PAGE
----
Aspiring to new values: Coaching the self-development process
One of the reasons why clients come to coaching is because they feel stuck. Stuck between a set of values that no longer feel relevant, and a desire for new values that can support who they want to be.
This is often experienced by those who have been successful in their life and career, by those who have done everything ‘right’, and yet feel an intractable sense of dissatisfaction. A dissatisfaction experienced as an absence of meaning, or a niggling sense that the life they are living is somehow not their own. They may not be able to articulate why they feel this way, or what may be driving these feelings; but they hear an un-ignorable call toward something else, even if they aren’t sure of what that something is.
The widening hole punched by this perceived inauthenticity drains the motivating drive of previous success, a drain that is felt as a distressing slump. It is in this slump, with its accompanying distress and despair that a search for new values begins – a search that is aspirational.
Aspiration and Becoming
The root of the word aspire is ‘to breathe’. Philosopher at the University of Chicago Agnes Callard describes aspiration as an active engagement in the acquisition of new values. In Callard’s description, aspiration is a participation in doing and trying that begins to change us, subsequently allowing us to do more of what we are changing into. It is the psychological equivalent of taking a breath of fresh air.
Callard's book responds to the philosophical question of how can a self change it-self? How can we step outside of our own perspective and begin a process of transformation? Is change really possible?
The problem lies in the fact that who we aspire to be is often a mental image or ideal of the future, whereas our current lived experience is the embodied reality of how we currently live and act. The difficulty of any change is felt at the beginning of the process, where we feel like imposters or intruders, as though we are pretending or feel outside of the activity due to its foreignness. The difficulty at this point for the aspiring person is that they are stuck between a mental image of what they could, or wish to be, and an embodied reality of who they currently are.
This embodied reality includes all the habits, competencies and familiarity that makes someone feel competent, comfortable, and valued. A reality that anchors us against the constantly changing world, but also requires a great effort to change. It is in the sticky reality of habits where the slow steps of self-development begin.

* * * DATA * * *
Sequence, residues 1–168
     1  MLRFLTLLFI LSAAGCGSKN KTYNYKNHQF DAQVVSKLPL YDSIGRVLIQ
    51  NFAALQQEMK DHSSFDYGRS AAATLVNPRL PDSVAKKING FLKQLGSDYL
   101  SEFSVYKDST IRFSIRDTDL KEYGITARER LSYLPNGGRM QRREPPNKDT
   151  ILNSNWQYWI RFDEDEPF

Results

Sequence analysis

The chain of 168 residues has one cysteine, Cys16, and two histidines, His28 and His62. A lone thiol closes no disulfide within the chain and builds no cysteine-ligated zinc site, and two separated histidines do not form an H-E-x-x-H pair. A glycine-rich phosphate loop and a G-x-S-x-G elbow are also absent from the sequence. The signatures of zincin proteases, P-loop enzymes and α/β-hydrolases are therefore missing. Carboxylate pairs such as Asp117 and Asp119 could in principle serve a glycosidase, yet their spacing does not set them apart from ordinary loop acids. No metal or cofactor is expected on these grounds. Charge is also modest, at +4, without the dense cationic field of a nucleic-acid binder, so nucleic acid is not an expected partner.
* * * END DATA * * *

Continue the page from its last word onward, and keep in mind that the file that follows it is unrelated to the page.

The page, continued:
The process of aspiration according to Callard is one that takes place through a process called habituation. Habituation is a term that goes all the way back to the ancient Greek philosopher Aristotle and speaks of what is called a "virtuous spiral of self-development."
The Virtuous Spiral of Self-Development
Note: Diagram denotes how my disposition (VD1) is trasnformed by my action (VA1) leading to a new disposition (VD2) and new action (VA2)
The virtuous spiral is a basic diagram of evolution. It begins with a particular disposition, shaping certain actions that subtly change that disposition, in turn leading to slightly different actions. Change becomes possible through a dynamic relationship between how we are disposed to the world and how we act within it.
To illustrate this let’s say I decide I want to become someone that practices yoga. I might have heard that yoga is great for flexibility, or for fitness, but primarily I just want to try this activity because I value it as worthwhile. My first yoga class is likely to be an awkward one. I may not know where to put my mat, or how to warm up, I am unlikely to know the names of the Asana’s or how to move in line with the teacher’s instructions. It is often a self-conscious beginning where the activity itself feels foreign to me. However, as time goes on and as I stick with the practice, I begin to apprehend and embody the value of practicing by doing the practice. As my competence increases and the activity begins to feel less foreign, my disposition toward practicing also shifts and I am more open (i.e. disposed) to practicing.
This new value of doing yoga then begins to influence my future priorities and activities, for example I may prefer to go to bed early on Friday night so I can rise early to practice. Over time I eventually become someone that values yoga, a value that shapes other aspects of my life.
What this example shows is that the process of aspiration is a process of embodiment. It is not just a collating of knowledge or a development of belief, it is a messy engagement with the world that ultimately changes how we view and how we are disposed to the world itself. In a previous article I wrote of the importance of attunement in the change process and how our attunement to the world is the foundation for our disposition to act. How we see the world frames what kind of values seek. A way of explaining this further is to look at the difference in how someone approaches life, depending on whether they are aspirational or ambitious.